In the Spectacle, as in the “capitalist’s discourse”, the working day continues in consumption and entertainment activities: these do not buy value, they do not exactly consume it, but above all manufacture value. This is how the look, before an organic faculty, the necessary apparatus for the so-called “scopic jouissance”, becomes work.

Lacan even mentioned something about the cult of work – “Never has work been so honored since humanity exists” [xiv] – but he didn't dwell on that particular mutation, the one that transmuted the gaze into work. The inventor of the concept of the Spectacle, Guy Debord, did not speak of looking as work either. His book “The Society of the Spectacle”[xv] was released in France in 1967, at the same time, therefore, that Lacan was thinking about his discourses and about capitalism associated with the notion of jouissance (“jouissance value”[xvi], “use of jouissance”[xvii]), but Debord does not mention the thesis that the gaze began to function as work. This thesis, I myself only went to develop it later[xviii], as I was able to register, among other clues, that capital remunerates the gaze in the same pricing manner with which it remunerates fungible work: by the time the message is exposed to the eye purchased on the market.

But what look is this that becomes work? What look is it? Would it be the faculty of seeing with the optical device that nature has endowed us with, simply that? Or would it be the instance illuminated by the spotlight of the imaginary, the instance where all the scenes take place, where human beings seek to install themselves as beings looked at, in addition to being “looking”?

Adauto Novaes organized an entire cycle called “O Olhar”, in 1987. The book with the conferences was published in 1988 by Companhia das Letras, almost 30 years ago. And today, in 2016, in this cycle of ours, João Carlos Salles gives a specific lecture on the gaze. I, in charge of the theme of the Show, am not going to change my niche, I am not going to change the subject. I make only a concise mention when looking to locate the thread by which it became industrially organized and industrially exploited work.

The work of the gaze could not be called manual work – but almost. There is not exactly a physical power in the organic act of looking – but almost. The ancient Greeks believed in the Visual Ray Theory, which stated that the look would generate a strange light that would be deposited on the object seen. The brightness that the pupils projected would be very personal, so much so that, these Greeks assured, two people looking at the same thing would never see identical things. The eye of each would influence, at least in part, the image seen. Aristotle once wrote that the “visual ray” of menstruating women left a blood-colored haze on mirrors.[xx] Do not think that these ideas disappeared in the dust of time. Even today, when we resign ourselves to the power of the “evil eye”, we are inadvertently adept at remnants of the Visual Ray Theory.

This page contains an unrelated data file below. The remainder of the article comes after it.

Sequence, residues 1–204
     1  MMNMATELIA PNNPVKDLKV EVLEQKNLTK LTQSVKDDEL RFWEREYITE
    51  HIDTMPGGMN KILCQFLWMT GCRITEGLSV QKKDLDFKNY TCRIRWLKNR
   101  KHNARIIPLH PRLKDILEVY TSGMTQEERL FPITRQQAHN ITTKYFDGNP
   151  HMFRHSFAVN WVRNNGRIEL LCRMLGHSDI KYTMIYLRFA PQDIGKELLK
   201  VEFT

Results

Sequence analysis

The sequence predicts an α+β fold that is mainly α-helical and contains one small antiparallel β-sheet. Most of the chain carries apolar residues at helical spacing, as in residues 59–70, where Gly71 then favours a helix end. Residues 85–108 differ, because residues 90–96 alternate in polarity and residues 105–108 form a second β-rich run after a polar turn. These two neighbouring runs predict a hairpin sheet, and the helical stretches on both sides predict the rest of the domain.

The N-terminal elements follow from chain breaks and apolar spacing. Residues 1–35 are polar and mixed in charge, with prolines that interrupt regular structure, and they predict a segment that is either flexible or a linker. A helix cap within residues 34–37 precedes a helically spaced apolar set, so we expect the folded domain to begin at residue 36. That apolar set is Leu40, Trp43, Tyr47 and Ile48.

Now, at this point, to say that looking is work is not to rehabilitate the old theory. Saying that looking is work does not mean that looking deposits matter on objects. They are different things. Nor was it from this perspective, that of rehabilitating the Theory of the Visual Ray, that Merleau Ponty spoke of “the sky perceived or felt, subtended by my gaze that travels and inhabits it, the medium of a certain vital vibration that my body adopts”[xx]. It was not with this intention that he told of “the investment of the object by my look that penetrates it, animates it”[xxx]. And yet, he wrote, in all letters, that the gaze “inhabits” the sky and “animates” (a verb that has the meaning of “giving soul to”) objects.

Therefore, even without adhering to the Theory of the Visual Ray, I join Merleau Ponty in stating that there is a constitutive force in the gaze. The look constitutes objects to the exact extent that it weaves the meaning of the images as it brings them into focus. This is how the gaze “animates” objects, “penetrates” them and “inhabits” them. Not that, by constituting them as objects looked at, the gaze constitutes them physically, or, on the other hand, constitutes them metaphorically: it constitutes them on the level of language. We are then dealing with objects constituted in language – such as subjects.

With the advent of the Spectacle, the look begins to act on the construction of language on a scale that was not set before, cementing, along uninterrupted journeys, the images in their sense on the vast screen of the imaginary. Just as a word only comes into existence when it becomes a word spoken by the speakers and falls into the web of language, an image only comes into existence when it is “looked at by the onlookers”, inscribing itself in the imaginary web. The look does not just work as the double window opened in the consumers' heads so that the messages can enter there and promote the effects intended by the advertisers of goods, but works, rather, as an active part – more than receptive – in the manufacturing activity of the Show. It is before the eyes of the public, the eyes of society, or, better said, it is before the social gaze that, in a meticulous jewellery, the fixation of the meanings of the images is sewn into the imaginary.

Far from the eyes of humanity, no image of the Show will be able to acquire its imaginary meaning. The eyes of the masses need to be bought, for minutes, or for hours on end, exactly as one buys the workforce (here the analogy is valid), so that, in front of them, and through their action, the links between signifiers visual and its imaginary meaning. Without the look, the process is not consummated. The Show brings the “capital mutation” of the gaze, which becomes the material force (and even productive force) of the visual and semantic repertoire of the imaginary (social imaginary), the vast language “spoken” by our eyes. With a fatal detail: the Spectacle is ordered by the Subject of the Unconscious in the condition of original agent of discourse and in the condition of operator of language.